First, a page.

The first thing that greets me is my mum, who to her massive credit is still stationary, though she’s definitely crept a few rows closer to the office door than before – or maybe that was just my embarrassment playing a trick on me. We’ll never truly know. Back to our vehicle we go, and I’m still doing my best to stare a hole into the floor whilst dexterously floating like a butterfly to evade the barrage of questions being flung like a couple hundred bees in my direction. I hold out for a little while but the more I do, the more concerned I can see my mum growing. She thinks I’m hiding something life-threatening from her and in the space of about a minute I get everything from the birds and bees convo to the Theresa May style “if you don’t tell me, I’ll send you back to where you came from”, (anyone know that one?).



In the UK, calling or visiting NHS 111 Online can help identify symptoms, treatment and next steps. (Credit-Unsplash)

“What happened between the doctor and me stays between the doctor and me”, is what I want to say but I’m African so no such luxury is afforded to me. And, in all fairness mum now looks like she’s about to cry and that is every little boy’s worst nightmare so I give in and let her into the secret. Why I thought that was a good idea, I’ll never know. Mum looks at me, blinks as if she’s trying to make sure that I’m real. At long last… she shakes her head, puts the car into reverse, complains about how much fuel I’ve wasted, kisses her teeth and then o’er the fields we go, laughing all the way (well… one of us is laughing, the other one not so much).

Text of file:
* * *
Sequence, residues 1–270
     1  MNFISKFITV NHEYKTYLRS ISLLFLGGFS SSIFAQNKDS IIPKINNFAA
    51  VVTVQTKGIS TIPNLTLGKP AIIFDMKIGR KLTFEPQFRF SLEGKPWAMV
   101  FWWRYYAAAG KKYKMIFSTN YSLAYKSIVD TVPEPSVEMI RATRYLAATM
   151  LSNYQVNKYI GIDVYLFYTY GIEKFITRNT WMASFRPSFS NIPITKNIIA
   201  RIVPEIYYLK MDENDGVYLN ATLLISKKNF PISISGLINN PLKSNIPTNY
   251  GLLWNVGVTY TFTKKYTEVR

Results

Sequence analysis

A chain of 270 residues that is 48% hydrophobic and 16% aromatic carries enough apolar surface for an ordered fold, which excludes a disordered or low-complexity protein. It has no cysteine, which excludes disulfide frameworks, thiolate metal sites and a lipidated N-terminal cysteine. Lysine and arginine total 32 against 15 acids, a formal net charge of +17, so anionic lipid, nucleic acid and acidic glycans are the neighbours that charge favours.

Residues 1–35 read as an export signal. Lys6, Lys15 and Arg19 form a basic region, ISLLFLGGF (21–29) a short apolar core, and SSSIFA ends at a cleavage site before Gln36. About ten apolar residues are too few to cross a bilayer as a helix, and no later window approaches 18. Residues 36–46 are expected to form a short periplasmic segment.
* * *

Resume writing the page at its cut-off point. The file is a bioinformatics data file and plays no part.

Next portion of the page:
Turns out I didn’t have breast cancer, just a touch of gynecomastia (look it up, it's real I promise). Anyway, I learnt some very valuable lessons that day. Lesson A: I would book my own hospital appointments from now on, thank you very much; and lesson B: Doctor Google is a self-fulfilling prophecy, go looking for a problem and you are sure to find a way to find it. Perhaps the final most useful lesson I learnt that day though was lesson C: being wrong and a little bit embarrassed is a whole lot better than being dead.


I tend to lean on the hyperbolic side but even if you condense that final point, you’ll find a very valuable lesson. What I’m trying to say is that, when it comes to our health, both physical and psychological, even a minor concern shouldn’t be swept under the rug. That said, the internet is a largely unregulated mess. Don’t always take Doctor Google at his word no matter how well intentioned he seems, and especially if you’re a little lacking in sleep. Visit your actual doctor, who is trained professional, and afford them the chance to laugh at you - if needs be.



Marshall is a self-taught student of psychology, hugely interested in diasporic politics and contending with the question of how we can all best function within an increasingly polarised society.

 

Disclaimer: All views expressed in this piece belong solely to the author and do not reflect the views of Demographica Limited as a company.